Disabled say cuts to personal care services could land them in institutions

A number of disabled Nevadans told state officials Tuesday that budget cuts will result in many of them losing jobs, losing their independence and being institutionalized.

"What they're cutting is bathing, grooming and dressing," said longtime disabled advocate Paul Gowins.

He and Robert Desruisseaux, of the Nevada Disability Advocacy & Law Center, said the cuts, which will save about $1.6 million this fiscal year, are short sighted because they will result in people now living on their own being placed in much more expensive institutional care.

The initial letter from Nevada's Health Care Financing and Policy division advised people their personal care services could be cut in half and that the exercise services for those in need would be eliminated because of the state's budget crisis.

Those services provide the severely disabled with help bathing, getting dressed and other services to enable them to continue living on their own.

Candy Roper of Carson City said she is wheelchair bound but, with the services she now receives, is able to work, support herself and maintain her own residence.

But that requires six hours of help a day, she said.

"I am one of those people who is going to be really hurt by this cut," she said. "It takes me two and a quarter hours to get ready to go to work. If it's going to be cut to three hours a day, what am I supposed to do the rest of the day?"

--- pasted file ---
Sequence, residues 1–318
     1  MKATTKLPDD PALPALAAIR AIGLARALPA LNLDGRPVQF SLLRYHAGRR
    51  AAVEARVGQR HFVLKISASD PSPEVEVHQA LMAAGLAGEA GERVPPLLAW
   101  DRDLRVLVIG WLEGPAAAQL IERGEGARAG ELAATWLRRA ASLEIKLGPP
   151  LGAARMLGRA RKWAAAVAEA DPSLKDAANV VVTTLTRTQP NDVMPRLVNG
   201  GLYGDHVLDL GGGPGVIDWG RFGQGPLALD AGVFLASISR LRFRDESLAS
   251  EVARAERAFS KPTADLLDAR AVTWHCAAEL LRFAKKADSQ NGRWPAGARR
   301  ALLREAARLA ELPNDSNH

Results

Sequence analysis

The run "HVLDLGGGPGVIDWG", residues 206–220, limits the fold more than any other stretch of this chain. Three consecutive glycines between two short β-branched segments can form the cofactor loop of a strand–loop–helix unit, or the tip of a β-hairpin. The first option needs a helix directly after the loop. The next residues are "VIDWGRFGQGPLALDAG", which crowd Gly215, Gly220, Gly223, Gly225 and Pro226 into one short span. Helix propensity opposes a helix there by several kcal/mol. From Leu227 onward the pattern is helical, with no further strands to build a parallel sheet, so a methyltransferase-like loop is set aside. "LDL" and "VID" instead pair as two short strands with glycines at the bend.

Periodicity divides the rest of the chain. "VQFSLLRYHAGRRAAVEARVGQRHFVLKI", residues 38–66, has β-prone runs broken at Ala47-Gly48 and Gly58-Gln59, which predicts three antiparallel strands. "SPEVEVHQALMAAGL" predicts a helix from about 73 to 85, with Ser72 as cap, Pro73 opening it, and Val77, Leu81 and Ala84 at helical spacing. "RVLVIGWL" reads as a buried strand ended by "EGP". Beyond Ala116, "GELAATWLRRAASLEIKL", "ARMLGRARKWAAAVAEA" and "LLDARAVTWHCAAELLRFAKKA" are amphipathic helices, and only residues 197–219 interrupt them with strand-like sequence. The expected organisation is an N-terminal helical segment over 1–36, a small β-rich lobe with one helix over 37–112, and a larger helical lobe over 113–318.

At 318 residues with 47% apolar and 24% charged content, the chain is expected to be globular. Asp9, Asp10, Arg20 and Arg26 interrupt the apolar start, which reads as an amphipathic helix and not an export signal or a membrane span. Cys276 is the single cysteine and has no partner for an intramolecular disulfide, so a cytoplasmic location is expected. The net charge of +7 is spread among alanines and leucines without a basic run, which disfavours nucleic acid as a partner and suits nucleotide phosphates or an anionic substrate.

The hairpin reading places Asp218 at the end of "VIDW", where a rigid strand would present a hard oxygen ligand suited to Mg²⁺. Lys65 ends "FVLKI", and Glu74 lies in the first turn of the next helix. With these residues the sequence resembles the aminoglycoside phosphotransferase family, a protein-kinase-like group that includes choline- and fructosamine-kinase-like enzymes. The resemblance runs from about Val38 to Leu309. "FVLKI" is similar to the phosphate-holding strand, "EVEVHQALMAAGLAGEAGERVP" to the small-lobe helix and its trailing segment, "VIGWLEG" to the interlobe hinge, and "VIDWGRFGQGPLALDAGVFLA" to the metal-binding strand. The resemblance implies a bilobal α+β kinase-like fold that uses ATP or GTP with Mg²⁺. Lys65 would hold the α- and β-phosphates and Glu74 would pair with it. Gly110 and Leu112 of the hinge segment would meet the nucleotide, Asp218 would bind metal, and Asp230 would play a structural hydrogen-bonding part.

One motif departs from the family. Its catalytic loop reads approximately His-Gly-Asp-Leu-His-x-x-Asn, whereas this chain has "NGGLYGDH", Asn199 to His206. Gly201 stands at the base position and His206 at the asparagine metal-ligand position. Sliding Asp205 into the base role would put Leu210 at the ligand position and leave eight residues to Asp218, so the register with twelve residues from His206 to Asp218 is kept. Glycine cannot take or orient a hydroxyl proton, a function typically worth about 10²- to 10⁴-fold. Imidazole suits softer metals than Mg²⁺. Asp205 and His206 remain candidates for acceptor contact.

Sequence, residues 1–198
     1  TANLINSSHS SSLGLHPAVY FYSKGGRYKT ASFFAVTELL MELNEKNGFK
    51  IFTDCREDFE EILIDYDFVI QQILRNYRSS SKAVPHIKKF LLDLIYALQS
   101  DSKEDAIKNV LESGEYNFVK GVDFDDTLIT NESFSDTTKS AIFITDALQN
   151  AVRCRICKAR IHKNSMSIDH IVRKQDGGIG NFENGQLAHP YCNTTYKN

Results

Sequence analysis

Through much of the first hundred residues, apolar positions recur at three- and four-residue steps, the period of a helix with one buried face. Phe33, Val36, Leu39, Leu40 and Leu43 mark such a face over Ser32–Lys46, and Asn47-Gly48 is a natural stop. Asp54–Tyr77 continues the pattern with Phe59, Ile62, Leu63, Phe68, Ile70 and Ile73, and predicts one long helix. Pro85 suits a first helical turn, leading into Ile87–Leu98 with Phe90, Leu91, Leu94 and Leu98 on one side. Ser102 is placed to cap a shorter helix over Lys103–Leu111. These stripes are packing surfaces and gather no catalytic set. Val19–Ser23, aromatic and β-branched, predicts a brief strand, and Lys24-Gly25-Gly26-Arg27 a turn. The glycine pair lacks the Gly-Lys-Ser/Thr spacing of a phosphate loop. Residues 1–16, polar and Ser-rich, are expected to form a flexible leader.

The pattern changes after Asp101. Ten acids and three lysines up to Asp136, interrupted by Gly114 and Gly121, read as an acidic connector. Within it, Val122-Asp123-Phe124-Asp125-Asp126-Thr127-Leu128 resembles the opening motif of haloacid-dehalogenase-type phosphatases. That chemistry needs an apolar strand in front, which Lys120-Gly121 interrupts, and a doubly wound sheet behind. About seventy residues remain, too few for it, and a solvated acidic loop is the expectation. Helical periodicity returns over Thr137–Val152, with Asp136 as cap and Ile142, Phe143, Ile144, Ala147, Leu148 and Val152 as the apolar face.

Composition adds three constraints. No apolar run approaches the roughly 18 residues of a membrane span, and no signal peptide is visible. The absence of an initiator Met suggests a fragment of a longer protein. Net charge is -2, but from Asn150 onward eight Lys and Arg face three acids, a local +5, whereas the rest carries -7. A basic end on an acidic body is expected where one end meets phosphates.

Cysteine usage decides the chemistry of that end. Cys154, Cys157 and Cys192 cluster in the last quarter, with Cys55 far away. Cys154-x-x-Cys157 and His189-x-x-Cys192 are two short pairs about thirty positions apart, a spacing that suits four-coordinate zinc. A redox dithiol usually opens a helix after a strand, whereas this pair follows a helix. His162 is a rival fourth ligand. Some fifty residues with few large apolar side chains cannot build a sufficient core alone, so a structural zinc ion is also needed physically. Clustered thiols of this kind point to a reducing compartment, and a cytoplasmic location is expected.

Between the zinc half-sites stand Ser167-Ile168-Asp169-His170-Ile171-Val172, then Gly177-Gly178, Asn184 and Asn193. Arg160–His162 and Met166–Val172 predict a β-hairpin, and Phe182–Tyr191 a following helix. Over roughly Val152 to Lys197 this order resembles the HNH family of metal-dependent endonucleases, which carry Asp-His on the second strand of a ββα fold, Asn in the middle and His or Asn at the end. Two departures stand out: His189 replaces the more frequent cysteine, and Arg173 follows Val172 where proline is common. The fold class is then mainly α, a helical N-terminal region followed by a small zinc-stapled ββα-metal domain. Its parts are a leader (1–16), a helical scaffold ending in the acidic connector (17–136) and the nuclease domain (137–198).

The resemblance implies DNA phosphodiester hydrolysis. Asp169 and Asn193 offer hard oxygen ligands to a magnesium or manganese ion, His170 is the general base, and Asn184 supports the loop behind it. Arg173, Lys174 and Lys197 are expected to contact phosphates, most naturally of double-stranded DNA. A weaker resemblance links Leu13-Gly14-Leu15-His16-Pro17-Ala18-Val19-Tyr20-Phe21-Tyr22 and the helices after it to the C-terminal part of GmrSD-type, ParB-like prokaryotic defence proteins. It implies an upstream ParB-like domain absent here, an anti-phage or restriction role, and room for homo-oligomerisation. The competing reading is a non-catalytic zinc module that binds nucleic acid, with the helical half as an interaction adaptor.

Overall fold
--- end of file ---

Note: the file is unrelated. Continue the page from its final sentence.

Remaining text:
She said she would lose her job and home and have to move to an institution.

Division Administrator Chuck Duarte told her that initial letter will be followed by one specific to her case and doesn't mean every person receiving services will see them cut in half. He also indicated that services may be increased in some cases "to prevent institutionalization.

And he said there is an appeal process she can use. But Gowins said that appeal is very limited in most cases.

Marina Valdez of Las Vegas said she is a single mom with a a severely disabled 20 year old daughter who, if her services are cut in half, may have to be institutionalized. She said that will cost the state upwards of $200 a day because the state won't provide a few hours of personal care services. She said one friend recently put his daughter into institutional care in Arizona, which is costing the state of Nevada $550 a day.

And several providers warned that reduced services and elimination of exercise programs would result in people now on their own being put in institutions.

Gowins told Duarte there are other ways to save money for the state. He said changing the rules in Medicaid to allow providers to provide some of the simpler services rather than limiting all those services to registered nurses could save the state up to $5 million a year, eliminating the need for this year's cuts.

Desruisseaux said nurses aren't necessary for all skilled services because other providers can be trained to handle them at a much lower cost.

Duarte told the audience these cuts have already been approved by the governor's office and the special session of the Legislature and will be enacted.

Gowins said afterward he and other advocates will have to take the issues up with the 2009 Legislature. He said they have to identify the people who need services and how serious that need is "so we don't get lost again when we come in to the Legislature."

Contact reporter Geoff Dornan at gdornan@nevadaappeal.com or 687-8750.


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